7. Make it inclusive

Instead of merely thinking of online participants as “receivers” of a livestream, you can create meaningful hybrid events by making the experience engaging and inclusive. This can include offering interpretation services if you have a multi-linguistic audience or using a survey, whiteboard or other note-taking tools online (also for the in-person participants) so that everyone joins on the same platform. While it may be more difficult to create inclusiveness in every session, you can think of other elements that generate a feeling of being included, such as through daily summary emails, video recaps, space for questions and answers, and communication in various languages based on your audience – as is regularly done at Helvetas’ Share Week, which takes place every two years.

Our case: A client who had just finished hosting events around the world wanted to have a “summary” hybrid event to show the results and give people a chance to ask questions and learn about the follow-up. Since the event was planned in English and we knew that many people who do not speak English would not join, we advised splitting the event into three sessions (English, French and Spanish). However, the client quickly became worried about the time and cost of finding speakers for each language. What did we do? We hired interpreters for French and Spanish who worked over Zoom, and the live interpretation was available to everyone in the meeting (including people in the room who could join with their phone to listen in their preferred language or via the main audio in the room).

8. Don’t always blame the technology

Based on our experience, if there is a technical issue at a hybrid event, it’s usually not due to the technology, but due to a lack of proper testing or staff under-resourcing (i.e., the lack of experience or knowledge from the people who are running the hybrid components of the meeting).

Technology can fail, that’s a fact, but the best way to deal with it is by having a team of experienced professionals who can manage hiccups in a fast and reliable manner (e.g., finding alternatives if there is a sudden failure in connectivity, cameras, etc.). But not everyone can afford a whole team of hybrid or livestream professionals. What should you do? The answer is quite simple: design an event that responds to your budget. If you don’t have enough budget or a team to make it hybrid, then don’t do it – instead choose to go fully in-person or fully online. If you are mandated to make your event hybrid, then ask for the resources needed to make it happen; if they are not provided, then don’t commit because you are bound to fail.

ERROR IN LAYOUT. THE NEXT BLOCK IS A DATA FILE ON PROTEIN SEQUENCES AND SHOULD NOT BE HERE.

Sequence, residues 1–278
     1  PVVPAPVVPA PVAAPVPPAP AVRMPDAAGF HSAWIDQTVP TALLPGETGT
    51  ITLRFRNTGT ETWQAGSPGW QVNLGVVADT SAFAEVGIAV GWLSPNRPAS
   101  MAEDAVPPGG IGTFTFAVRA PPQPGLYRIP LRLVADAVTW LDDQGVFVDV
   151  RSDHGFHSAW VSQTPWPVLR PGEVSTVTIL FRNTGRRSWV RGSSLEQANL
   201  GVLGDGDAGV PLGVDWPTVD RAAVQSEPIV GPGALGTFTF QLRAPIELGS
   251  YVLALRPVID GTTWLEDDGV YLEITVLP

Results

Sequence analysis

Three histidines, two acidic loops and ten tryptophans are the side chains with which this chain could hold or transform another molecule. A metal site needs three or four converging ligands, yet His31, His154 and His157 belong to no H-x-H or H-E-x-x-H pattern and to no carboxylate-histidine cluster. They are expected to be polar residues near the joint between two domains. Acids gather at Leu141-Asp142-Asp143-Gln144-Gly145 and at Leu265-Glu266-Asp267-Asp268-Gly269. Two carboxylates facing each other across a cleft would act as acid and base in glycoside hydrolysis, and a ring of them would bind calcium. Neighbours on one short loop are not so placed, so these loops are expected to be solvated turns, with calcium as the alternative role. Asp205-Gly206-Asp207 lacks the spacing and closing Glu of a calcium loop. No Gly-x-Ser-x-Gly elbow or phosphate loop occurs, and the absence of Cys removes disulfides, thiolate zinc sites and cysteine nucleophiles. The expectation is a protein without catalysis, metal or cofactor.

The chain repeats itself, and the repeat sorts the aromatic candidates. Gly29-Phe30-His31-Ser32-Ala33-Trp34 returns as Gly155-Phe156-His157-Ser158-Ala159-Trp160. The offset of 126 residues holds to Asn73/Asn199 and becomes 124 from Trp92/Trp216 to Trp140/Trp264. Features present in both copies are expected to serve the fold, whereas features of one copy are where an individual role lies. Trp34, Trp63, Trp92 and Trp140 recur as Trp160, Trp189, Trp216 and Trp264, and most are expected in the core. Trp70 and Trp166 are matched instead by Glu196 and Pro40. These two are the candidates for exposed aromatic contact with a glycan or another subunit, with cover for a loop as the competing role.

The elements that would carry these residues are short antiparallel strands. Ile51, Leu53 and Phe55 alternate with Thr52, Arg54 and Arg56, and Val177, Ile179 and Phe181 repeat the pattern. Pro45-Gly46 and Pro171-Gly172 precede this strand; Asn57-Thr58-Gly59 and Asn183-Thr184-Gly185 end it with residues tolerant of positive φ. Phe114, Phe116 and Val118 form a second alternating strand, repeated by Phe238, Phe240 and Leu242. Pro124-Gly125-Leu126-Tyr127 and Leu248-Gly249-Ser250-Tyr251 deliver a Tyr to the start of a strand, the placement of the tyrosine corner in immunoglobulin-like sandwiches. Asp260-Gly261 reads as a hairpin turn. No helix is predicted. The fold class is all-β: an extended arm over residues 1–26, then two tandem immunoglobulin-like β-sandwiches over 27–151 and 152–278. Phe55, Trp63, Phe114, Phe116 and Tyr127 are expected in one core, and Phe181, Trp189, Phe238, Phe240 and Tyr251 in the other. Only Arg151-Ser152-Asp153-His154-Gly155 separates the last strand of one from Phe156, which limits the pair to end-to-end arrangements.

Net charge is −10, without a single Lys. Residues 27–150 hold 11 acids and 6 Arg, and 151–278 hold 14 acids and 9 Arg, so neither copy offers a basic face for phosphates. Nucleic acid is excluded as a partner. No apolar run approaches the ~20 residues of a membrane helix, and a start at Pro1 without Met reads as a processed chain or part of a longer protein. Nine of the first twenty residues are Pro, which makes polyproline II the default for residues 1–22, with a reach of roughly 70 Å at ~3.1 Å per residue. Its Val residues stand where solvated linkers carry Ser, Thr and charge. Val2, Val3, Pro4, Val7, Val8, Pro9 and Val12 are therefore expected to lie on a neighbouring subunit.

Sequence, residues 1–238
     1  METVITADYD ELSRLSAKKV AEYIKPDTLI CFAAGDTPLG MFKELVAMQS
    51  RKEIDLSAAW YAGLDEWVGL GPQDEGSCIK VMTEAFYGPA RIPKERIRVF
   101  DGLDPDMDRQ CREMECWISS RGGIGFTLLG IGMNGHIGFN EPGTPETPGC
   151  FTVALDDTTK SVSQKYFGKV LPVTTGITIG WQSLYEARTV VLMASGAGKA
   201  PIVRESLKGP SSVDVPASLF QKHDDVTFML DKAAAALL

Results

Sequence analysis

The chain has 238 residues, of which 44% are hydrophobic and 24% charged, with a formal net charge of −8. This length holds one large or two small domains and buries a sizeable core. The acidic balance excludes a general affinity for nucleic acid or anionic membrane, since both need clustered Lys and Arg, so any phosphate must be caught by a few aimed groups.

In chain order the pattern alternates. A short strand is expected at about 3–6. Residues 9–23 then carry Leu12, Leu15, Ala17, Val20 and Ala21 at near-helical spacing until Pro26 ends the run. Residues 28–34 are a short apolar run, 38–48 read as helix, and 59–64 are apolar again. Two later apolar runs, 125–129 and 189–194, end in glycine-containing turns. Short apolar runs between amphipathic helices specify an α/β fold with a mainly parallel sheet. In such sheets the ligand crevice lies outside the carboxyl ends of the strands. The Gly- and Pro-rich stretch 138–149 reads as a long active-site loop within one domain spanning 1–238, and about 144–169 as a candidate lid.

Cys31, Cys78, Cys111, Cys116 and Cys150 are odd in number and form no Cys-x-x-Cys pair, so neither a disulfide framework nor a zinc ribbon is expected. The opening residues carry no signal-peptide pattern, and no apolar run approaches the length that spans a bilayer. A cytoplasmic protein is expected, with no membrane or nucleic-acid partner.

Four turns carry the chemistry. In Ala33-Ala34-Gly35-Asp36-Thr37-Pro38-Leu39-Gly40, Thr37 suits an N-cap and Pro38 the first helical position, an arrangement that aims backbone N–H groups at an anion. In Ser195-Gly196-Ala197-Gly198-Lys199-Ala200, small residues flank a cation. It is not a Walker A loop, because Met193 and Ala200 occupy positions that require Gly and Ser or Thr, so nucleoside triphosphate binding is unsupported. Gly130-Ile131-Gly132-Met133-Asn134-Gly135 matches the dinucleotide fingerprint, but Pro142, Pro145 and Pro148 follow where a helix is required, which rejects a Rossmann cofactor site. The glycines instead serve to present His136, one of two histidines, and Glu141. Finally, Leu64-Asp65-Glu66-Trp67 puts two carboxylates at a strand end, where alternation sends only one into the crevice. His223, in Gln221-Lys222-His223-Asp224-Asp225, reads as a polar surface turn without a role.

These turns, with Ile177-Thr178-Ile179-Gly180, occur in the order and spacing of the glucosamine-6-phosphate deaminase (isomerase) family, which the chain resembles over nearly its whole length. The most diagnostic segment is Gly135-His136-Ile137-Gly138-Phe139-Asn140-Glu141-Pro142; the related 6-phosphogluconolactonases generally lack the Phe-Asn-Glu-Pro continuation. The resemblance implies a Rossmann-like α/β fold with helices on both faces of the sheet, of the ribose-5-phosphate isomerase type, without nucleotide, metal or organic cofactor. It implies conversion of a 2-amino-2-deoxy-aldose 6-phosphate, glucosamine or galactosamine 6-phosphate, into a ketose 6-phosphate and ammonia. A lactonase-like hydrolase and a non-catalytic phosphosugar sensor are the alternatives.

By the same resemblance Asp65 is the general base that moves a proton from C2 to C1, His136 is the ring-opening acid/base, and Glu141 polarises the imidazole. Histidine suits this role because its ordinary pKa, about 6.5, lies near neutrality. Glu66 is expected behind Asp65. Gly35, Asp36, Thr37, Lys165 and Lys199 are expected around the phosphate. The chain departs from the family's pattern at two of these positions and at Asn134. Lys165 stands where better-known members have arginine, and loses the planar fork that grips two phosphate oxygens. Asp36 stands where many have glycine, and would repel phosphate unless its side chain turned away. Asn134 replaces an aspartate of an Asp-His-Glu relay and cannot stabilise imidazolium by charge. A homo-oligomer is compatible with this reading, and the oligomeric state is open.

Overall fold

Resources: We created three good resources on the required technical setup for hybrid events: (1) Basic setup, (2) Advanced setup, and (3) photos of potential hybrid settings from the Hybrid Lab exchange of the Swiss Knowledge Management Think Table (see Hybrid Lab after page 4.)

9. Remember healthy principles for facilitators

We noticed that after facilitating hybrid and online events we were often more exhausted (and literally sweating more) than if we would have facilitated that event in person. Even though online events tend to be shorter and we can potentially fit more than one in a day, we wondered why this happened. We started digging and discovered that as facilitators this work experience is comparable to the work of an interpreter. Breaks are essential because one’s attention is fully engaged (even if the role is not to be the main host). It is not about the number of hours, but about the intensity of focus during that time, regardless of the tasks undertaken.

When we meet in person we are able to learn from others not only by what they say, but also by body language, tone (often somewhat skewed over Zoom) and other cues. On the other hand, meeting online (or hybrid) means that we have to focus on a little video thumbnail and a limited screen, which leads our brain to “overheat” and get stressed by trying to learn as much as possible in this context. This is also known as “Zoom fatigue” (read more in this National Geographic article). 

What else can help? Make a contingency plan. Last year, for the first time, we created a contingency plan for a major internal event. The plan was very simple: a one-pager outlined the roles and responsibilities of those involved in the organizing team of the event, with a third column describing who could take over if anyone could not perform their duties. Everyone who was included as “plan b” was asked and informed in advance, and they added a placeholder in their calendars. This proved very helpful when one key member of the livestream team got sick, and the “plan b” person was ready to step in.

About the Authors

As an advisor in Evaluation and Learning, Antonia Does works with Helvetas' programs and external clients worldwide facilitating learning processes and events. Speaking different languages makes her almost as happy as cold-water swimming.

Cesar Robles works with teams around the world, co-creating communications and knowledge-sharing strategies. He is a senior advisor in the Learning and Innovation team at Helvetas, and loves tacos and dancing.